remaining on the surface of the conductive tracks after manufacture.
Therefore, if it is fixed, the pot should be fine for a long
time. If it is a corrosion problem, then the trouble might
was able to get rid of the grey-brown blotchy contamination on the
track by wiping with ethyl alcohol (methylated spirits). It came
off quickly, leaving a clean metallic track. Then the pot worked
perfectly . . . but the real problem is probably due to wiper fingers,
as described below.
There is a
bluish-purplish tinge on the lower right - that is oxidation from some
oven step in the manufacturing process. That was not affected by
the alcohol and does not seem to be a cause of the trouble.
This contamination is not the only
problem causing scratchiness. Perhaps it is not a problem at all.
There was a bad case of
scratchiness with a pot I had dismantled and cleaned.
pot has 4 inner wipers for the conductive element and 2 for the outer
There seems to be a problem
with these pots
that the four inner wipers are not as extended towards the conductive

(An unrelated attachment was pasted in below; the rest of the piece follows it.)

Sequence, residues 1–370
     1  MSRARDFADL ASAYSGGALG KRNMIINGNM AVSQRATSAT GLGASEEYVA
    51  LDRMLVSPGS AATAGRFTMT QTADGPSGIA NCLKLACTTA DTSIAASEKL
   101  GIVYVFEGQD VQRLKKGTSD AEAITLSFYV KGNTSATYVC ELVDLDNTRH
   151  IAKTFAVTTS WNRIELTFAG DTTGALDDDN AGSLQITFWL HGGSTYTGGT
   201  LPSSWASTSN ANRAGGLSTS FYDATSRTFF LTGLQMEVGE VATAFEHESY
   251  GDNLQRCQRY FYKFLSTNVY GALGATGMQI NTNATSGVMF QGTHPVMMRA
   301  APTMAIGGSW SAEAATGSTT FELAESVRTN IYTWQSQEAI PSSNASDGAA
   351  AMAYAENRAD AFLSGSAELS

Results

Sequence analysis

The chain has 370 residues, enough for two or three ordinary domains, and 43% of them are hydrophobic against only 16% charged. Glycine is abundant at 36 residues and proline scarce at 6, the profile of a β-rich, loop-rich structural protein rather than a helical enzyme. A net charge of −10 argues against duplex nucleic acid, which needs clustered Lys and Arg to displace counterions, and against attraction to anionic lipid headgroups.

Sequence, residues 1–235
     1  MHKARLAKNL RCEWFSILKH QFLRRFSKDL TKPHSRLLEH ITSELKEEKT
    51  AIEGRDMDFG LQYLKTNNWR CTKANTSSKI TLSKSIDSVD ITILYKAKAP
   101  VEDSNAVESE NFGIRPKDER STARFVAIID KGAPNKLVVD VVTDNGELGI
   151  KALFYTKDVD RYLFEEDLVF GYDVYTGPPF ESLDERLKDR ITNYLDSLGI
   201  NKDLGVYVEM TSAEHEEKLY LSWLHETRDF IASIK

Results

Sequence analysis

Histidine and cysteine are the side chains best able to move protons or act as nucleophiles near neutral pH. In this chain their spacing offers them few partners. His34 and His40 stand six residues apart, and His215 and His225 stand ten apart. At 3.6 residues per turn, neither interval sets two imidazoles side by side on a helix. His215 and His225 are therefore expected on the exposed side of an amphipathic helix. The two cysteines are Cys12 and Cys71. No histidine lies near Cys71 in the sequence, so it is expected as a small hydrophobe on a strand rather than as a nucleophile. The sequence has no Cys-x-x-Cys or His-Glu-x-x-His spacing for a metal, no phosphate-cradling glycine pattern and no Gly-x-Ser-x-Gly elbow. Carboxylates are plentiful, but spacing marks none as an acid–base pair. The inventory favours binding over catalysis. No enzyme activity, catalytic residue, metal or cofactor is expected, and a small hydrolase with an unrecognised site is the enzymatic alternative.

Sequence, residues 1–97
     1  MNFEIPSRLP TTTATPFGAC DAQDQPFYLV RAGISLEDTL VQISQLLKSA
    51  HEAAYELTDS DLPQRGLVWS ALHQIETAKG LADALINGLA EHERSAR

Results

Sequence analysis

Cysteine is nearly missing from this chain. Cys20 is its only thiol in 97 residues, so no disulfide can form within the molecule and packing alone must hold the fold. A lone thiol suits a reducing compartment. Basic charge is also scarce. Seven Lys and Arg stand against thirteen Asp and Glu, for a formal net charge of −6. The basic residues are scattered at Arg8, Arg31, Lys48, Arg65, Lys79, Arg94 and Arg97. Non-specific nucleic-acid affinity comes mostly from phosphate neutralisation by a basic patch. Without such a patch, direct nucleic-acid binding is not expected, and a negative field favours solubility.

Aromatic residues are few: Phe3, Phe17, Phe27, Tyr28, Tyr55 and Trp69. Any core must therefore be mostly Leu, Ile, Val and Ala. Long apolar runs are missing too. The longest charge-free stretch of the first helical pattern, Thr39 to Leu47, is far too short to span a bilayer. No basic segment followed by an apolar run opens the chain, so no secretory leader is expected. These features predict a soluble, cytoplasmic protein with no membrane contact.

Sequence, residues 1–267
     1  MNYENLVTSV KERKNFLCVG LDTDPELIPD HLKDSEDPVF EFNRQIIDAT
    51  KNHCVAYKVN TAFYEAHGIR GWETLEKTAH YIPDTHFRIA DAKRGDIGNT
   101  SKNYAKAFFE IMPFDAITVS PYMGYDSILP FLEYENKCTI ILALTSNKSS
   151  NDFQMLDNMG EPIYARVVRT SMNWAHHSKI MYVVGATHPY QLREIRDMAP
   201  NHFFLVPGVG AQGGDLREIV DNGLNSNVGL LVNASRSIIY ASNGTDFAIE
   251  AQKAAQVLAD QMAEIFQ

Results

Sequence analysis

track as the two outer wipers. Since they share a common base,
and since this base may not be pressed hard against the rotor when we
look at the height of these wipers, there can be a serious problem
which definitely causes scratchiness:
The outer 2 wipers, being more
push the whole base away from the tracks, taking the base of the 4
inner wipers away, and so reducing the pressure these 4 inner wipers
place on the resistive track.
The fix is to bend the 4 inner
wipers away from the rotor until they are about as extended as the 2
are the wipers in their original state.
Note the set of 4 which is slightly lower. (This would be
"higher" in the final orientation of the pot in the TB-303, since in
these photos the shaft is downwards while in the TB-303, the shaft is
Below, after I
bent them all upwards a little, especially the 4 wipers of the outer
This appears to solve the problem.